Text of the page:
As correctly relayed by Dylan expert and cultural critic Greil Marcus, "[The record] forever fixed Bob Dylan in the popular imagination: the protest singer, the young man 'able to see through metal' (again, from Chronicles), to see through the lie and find the truth, then to hammer the truth into words and send them out with a voice that would never break."
This title is not eligible for discount.1. The Times They Are A-Changin'
2. Ballad of Hollis Brown
3. With God on Our Side
4. One Too Many Mornings
5. North Country Blues
6. Only a Pawn in Their Game
7. Boots of Spanish Leather
8. When the Ship Comes In
9. The Lonesome Death of Hattie Carroll
10. Restless Farewell
$49.99180 Gram Audiophile Virgin Vinyl LP Mono 45 RPM - 2 LPs SealedBuy Now
Bob DylanBob Dylan on Numbered Limited Edition 180 Gram 45RPM 2LP from Mobile Fidelity
Understated 1962 Debut Launched Immeasurably Influential Career
Album Stands as Clearest Connection to Dylan’s Purist Folk Roots
Ghosts of Woody Guthrie and Blues Legends Appear Throughout Recording of Originals and Covers
Transparent to the Source: Hyper-Detailed 45RPM Pressing Brings the Simple Sounds of Dylan’s Voice, Acoustic Guitar, and Harmonica into Lifelike Perspective
Bob Dylan’s self-titled 1962 debut is as understated of an entrance as any significant musician as ever made. Already well-versed in American roots music, Dylan simultaneously pays homage to tradition and extends it by putting his own stamp on classic material that metaphorically functions as the soil of our contemporary songs and styles. Free of ego, and performed with masterful conviction, Bob Dylan ranks with the debut efforts of similar artistic giants Elvis Presley and the Rolling Stones.
Mastered on Mobile Fidelity’s world-renowned mastering system and pressed at RTI, this restored 180 gram 45RPM 2LP analog version brings the contents of this seminal release as closest as they’ve ever come to master tape-quality. Transparent to the source, the simple sounds of Dylan’s voice, acoustic guitar, and harmonica take on lifelike perspective and dimensions—the “husk and bark” to which Robert Shelton referred in his now-legendary New York Times review of a Dylan appearance at Gerde’s Folk City. MoFi has made possible an inexpensive time-traveling trip back to the Greenwich Village coffeehouses and folk clubs in which Dylan cut his teeth, albeit in much better fidelity and without any annoying background noise. Wider grooves mean more information reaches your ears.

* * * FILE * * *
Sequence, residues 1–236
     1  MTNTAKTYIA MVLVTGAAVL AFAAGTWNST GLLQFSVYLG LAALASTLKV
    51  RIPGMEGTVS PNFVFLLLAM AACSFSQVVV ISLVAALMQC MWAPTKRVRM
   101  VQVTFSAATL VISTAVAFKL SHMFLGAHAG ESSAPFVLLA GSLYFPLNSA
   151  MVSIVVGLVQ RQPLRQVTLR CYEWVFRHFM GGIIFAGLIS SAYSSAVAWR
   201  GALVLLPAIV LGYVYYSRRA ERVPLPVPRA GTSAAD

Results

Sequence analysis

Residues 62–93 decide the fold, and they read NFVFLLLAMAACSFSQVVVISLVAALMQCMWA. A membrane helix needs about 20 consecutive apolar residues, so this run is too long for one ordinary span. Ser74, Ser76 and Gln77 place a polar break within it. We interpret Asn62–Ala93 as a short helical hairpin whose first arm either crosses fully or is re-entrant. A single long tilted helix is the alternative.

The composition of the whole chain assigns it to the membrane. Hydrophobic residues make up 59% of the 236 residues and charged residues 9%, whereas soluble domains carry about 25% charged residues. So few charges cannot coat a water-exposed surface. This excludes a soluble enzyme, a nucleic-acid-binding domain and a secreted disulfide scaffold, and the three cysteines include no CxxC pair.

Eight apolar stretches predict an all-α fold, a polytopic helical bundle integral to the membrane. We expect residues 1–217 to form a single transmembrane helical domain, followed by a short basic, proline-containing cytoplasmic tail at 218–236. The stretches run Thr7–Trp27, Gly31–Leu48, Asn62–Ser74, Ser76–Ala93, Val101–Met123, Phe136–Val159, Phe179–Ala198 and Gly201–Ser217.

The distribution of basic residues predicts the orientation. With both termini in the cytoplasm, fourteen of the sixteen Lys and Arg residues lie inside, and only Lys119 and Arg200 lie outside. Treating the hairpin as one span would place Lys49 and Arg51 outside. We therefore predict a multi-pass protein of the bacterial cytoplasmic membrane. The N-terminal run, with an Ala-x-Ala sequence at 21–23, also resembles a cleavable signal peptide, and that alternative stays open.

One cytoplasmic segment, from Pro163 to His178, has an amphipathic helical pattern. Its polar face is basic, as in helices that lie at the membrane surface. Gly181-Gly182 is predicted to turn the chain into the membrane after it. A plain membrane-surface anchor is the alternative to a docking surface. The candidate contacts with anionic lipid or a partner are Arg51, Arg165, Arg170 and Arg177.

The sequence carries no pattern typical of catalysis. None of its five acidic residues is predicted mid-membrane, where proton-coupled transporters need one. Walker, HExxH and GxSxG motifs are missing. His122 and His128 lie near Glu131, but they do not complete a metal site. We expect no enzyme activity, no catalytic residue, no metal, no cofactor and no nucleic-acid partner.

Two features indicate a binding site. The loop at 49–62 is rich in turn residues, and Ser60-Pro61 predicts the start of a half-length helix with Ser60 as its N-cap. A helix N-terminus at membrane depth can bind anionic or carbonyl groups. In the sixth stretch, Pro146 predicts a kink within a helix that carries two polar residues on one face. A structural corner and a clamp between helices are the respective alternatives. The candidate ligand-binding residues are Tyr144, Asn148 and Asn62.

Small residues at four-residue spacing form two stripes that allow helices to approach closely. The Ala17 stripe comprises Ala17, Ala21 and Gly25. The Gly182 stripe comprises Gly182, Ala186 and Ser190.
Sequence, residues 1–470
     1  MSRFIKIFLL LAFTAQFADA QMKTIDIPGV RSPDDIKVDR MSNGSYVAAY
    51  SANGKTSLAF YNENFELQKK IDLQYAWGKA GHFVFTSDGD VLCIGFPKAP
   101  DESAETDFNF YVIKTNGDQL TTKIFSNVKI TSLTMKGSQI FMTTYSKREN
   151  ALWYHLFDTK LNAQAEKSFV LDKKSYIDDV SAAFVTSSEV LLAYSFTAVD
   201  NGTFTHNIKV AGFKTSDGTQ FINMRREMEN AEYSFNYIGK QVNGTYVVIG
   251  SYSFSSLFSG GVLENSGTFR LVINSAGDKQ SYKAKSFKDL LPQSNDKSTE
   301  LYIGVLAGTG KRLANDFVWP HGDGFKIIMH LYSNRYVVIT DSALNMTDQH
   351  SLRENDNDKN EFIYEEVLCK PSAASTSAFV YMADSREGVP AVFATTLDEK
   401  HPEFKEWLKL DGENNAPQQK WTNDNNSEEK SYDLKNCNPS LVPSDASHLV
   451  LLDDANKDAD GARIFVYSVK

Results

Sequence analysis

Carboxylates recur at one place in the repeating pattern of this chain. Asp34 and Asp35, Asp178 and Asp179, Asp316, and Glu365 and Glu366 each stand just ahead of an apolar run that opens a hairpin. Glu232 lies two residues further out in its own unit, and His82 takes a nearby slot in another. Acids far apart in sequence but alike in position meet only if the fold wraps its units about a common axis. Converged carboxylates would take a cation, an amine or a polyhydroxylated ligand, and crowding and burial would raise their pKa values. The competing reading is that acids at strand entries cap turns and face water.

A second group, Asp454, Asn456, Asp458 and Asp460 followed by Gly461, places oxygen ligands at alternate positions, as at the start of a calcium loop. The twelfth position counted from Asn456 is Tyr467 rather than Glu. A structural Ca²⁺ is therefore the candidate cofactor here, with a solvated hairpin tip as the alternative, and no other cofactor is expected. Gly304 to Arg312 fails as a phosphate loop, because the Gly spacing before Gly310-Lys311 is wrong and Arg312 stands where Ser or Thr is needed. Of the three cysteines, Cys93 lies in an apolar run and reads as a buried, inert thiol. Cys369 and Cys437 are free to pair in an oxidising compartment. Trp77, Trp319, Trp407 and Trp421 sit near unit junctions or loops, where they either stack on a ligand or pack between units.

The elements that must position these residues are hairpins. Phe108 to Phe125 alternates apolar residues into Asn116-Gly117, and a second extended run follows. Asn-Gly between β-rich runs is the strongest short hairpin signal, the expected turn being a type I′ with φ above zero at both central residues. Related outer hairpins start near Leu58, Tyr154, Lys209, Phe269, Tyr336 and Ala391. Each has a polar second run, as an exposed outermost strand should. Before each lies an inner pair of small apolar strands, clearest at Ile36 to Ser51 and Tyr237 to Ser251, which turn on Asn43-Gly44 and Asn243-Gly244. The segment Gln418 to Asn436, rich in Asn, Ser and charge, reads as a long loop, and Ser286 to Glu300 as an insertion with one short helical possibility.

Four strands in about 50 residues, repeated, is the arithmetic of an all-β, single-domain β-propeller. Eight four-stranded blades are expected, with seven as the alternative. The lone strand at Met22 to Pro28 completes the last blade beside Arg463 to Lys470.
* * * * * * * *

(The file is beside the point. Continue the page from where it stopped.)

Much has been made of the commercial indifference that greeted the album upon its low-key release. Yet focusing on sales figures and the reaction of a public not yet hip to Dylan’s name or music is to miss the forest for the trees. Distinguished from the era’s other folk efforts by way of the determination, brazenness, and lived-through-this worldliness Dylan approaches the material and sings the songs, Dylan lays the groundwork for the path he’d soon trailblaze and everyone else would follow.
By nodding to Woody Guthrie at the same time he completely re-imagines a sobering tune such as Blind Lemon Jefferson’s “See That My Grave Is Kept Clean,” Dylan straddles the past and future. He also displays, with challenging authority and savant-like expertise, the ability to handle weighty topics such as death, sorrow, and lamentation with the vaudeville flair, bluesy mannerisms, and poignant command of an artist three times his age.
As Dylan scholar and pop-culture critic Greil Marcus observed in 2010, “Everybody knew Joan Baez and the Kingston Trio; if you knew Bob Dylan, you knew something other people didn’t, something that soon enough everybody had to know. Within a year, an album could put an adjective in front of the singer’s name as if it were already common coin.” It all starts here.1. You're No Good
2. Talkin' New York
3. In My Time of Dyin'
4. Man of Constant Sorrow
5. Fixin' to Die
6. Pretty Peggy-O
7. Highway 51
8. Gospel Plow
9. Baby, Let Me Follow You Down
10. House of the Risin' Sun
11. Freight Train Blues
12. Song to Woody
13. See That My Grave Is Kept Clean
$49.99180 Gram Audiophile Virgin Vinyl LP 45 RPM - 2 LPs SealedBuy Now